Most Mexican families are very traditional, as are the gender roles. This means that the father is seen as the family’s obvious patriarch. The woman is often worshiped in the role of mother, and she has the main responsibility for the household and child rearing. When the mother is seen as a guardian of morals, she often continues the traditional gender roles by treating boys and girls radically different from birth. The prevailing machismo attributes to men qualities such as strength and authority and these are highly valued. However, these stereotypical gender roles are being enlivened by a new generation, at least among wealthier metropolitan residents.
Inheritance and discrimination
When it comes to inheritance law, there is no difference between men and women, but all children are entitled to an equal share of the deceased parent’s inheritance. In practice, however, male heirs are often favored and in rural areas land is often inherited only to the sons.
Child rearing differs in part between different classes, and poorer families tend to be stricter. Aga is not uncommon.
For girls, an important turning point occurs when they turn 15: they are then considered to go from being girls to becoming “young virgins”. It is celebrated with both a Catholic Mass and a large celebration. There is no equivalent for boys. For middle and upper-class youth, leisure is similar to that of a European. For those from poorer backgrounds, there is usually not much free time to talk about, as they have to work to help provide for the family.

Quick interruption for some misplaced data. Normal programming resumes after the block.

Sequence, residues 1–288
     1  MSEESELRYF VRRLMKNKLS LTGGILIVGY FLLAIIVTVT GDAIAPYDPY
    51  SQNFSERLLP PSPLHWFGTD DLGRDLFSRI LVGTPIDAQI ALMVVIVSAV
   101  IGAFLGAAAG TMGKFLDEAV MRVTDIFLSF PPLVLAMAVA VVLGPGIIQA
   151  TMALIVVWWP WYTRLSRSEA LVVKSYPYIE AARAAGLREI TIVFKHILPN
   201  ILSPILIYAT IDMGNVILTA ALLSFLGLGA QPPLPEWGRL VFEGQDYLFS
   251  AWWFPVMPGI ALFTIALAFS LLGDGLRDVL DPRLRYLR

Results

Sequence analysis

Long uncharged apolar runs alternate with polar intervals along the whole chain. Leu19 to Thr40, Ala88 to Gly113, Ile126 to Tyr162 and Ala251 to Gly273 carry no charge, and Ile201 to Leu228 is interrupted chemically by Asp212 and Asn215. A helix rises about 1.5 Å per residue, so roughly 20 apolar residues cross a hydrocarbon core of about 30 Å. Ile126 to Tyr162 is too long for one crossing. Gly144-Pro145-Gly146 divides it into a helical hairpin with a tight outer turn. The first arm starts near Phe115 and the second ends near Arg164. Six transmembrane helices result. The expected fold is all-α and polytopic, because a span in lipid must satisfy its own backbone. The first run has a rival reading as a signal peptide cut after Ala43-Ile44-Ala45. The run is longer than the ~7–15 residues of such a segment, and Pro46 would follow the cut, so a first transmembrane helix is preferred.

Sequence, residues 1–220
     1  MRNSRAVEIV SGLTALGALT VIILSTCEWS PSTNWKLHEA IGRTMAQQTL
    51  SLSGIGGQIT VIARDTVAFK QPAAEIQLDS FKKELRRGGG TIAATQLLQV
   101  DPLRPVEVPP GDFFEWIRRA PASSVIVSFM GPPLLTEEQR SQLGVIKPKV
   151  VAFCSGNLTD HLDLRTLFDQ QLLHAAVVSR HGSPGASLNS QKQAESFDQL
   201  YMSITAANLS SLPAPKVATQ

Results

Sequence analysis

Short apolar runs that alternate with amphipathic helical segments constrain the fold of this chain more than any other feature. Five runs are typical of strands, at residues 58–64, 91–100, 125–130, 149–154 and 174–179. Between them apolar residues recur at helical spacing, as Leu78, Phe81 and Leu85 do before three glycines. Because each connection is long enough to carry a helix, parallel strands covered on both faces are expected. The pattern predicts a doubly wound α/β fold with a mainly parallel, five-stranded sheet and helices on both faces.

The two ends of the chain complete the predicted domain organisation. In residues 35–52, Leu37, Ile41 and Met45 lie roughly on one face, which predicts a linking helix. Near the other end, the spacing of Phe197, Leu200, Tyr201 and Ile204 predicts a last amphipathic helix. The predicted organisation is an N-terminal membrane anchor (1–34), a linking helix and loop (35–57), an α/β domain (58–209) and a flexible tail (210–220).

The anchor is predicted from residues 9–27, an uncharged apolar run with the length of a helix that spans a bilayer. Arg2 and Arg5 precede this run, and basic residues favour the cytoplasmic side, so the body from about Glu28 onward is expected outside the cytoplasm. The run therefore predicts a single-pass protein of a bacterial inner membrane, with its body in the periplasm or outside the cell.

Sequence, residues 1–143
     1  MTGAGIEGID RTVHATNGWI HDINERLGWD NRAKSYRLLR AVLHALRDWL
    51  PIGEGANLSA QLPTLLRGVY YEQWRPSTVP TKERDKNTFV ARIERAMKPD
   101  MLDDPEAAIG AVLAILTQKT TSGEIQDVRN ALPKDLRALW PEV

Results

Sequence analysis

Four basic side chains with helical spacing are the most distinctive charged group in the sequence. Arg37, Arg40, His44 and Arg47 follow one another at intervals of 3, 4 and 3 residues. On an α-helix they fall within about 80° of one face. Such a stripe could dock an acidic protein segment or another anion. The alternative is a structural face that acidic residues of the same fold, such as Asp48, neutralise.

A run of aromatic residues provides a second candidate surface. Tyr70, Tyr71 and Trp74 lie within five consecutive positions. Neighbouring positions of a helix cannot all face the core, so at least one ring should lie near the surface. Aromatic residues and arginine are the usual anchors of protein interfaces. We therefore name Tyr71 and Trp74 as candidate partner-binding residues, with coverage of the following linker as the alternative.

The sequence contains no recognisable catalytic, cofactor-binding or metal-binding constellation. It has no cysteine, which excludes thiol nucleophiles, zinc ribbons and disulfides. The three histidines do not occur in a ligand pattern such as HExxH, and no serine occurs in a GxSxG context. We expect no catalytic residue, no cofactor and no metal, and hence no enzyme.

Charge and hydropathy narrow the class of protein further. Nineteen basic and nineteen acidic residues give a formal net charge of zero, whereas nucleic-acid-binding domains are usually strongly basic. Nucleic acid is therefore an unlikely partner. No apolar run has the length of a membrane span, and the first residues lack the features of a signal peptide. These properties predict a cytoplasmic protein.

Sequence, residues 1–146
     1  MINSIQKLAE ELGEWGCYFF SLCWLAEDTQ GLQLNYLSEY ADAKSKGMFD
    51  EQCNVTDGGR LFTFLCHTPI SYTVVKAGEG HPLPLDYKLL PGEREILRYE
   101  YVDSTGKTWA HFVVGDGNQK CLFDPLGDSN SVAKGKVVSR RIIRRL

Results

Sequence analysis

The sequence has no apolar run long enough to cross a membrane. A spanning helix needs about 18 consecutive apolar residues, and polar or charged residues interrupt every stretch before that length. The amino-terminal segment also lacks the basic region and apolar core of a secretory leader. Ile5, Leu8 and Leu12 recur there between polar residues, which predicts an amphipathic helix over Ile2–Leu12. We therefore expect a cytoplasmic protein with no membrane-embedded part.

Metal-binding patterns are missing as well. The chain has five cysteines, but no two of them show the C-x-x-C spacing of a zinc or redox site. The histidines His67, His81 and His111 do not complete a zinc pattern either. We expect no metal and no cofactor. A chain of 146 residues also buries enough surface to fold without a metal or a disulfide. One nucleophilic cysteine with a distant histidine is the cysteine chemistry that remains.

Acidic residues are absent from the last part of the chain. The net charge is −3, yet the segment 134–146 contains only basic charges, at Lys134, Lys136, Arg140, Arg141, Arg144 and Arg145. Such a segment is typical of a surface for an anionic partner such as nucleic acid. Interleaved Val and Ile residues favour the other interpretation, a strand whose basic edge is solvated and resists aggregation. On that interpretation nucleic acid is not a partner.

In 1999, Mexico abolished what remained of the legislation that discriminated against homosexuals and the situation for LGBTQ people gradually improved. Mexico City became the first country in 2009 to legalize same-sex marriage, and some states have followed suit. The Supreme Court ruled in 2015 that bans on same-sex marriage violate the constitution, which means that remaining states are indirectly forced to admit marriages between gays, even if they are not explicitly required to legalize them. Homophobia in society is strong and discrimination and violence against LGBTQ people is common.
- AbbreviationFinder Website: Provides commonly used acronyms, history, politics and geography of country Mexico.
FACTS – SOCIAL CONDITIONS
Infant Mortality: 11 per 1000 births (2018)
Percentage of HIV infected: 0.2 percent (2018)
Proportion of HIV infected among young women
0.1 percent (2018)
Proportion of HIV infected among young men: 0.1 percent (2018)
Proportion of population with access to clean water: 98.3 percent (2015)
Proportion of the population having access to toilets: 91.2 percent (2017)
Public expenditure on health care as a percentage of GDP: 5.9 percent (2015)
Public expenditure on health care per person: $ 462 (2016)
Proportion of women in parliament: 48 percent (2018)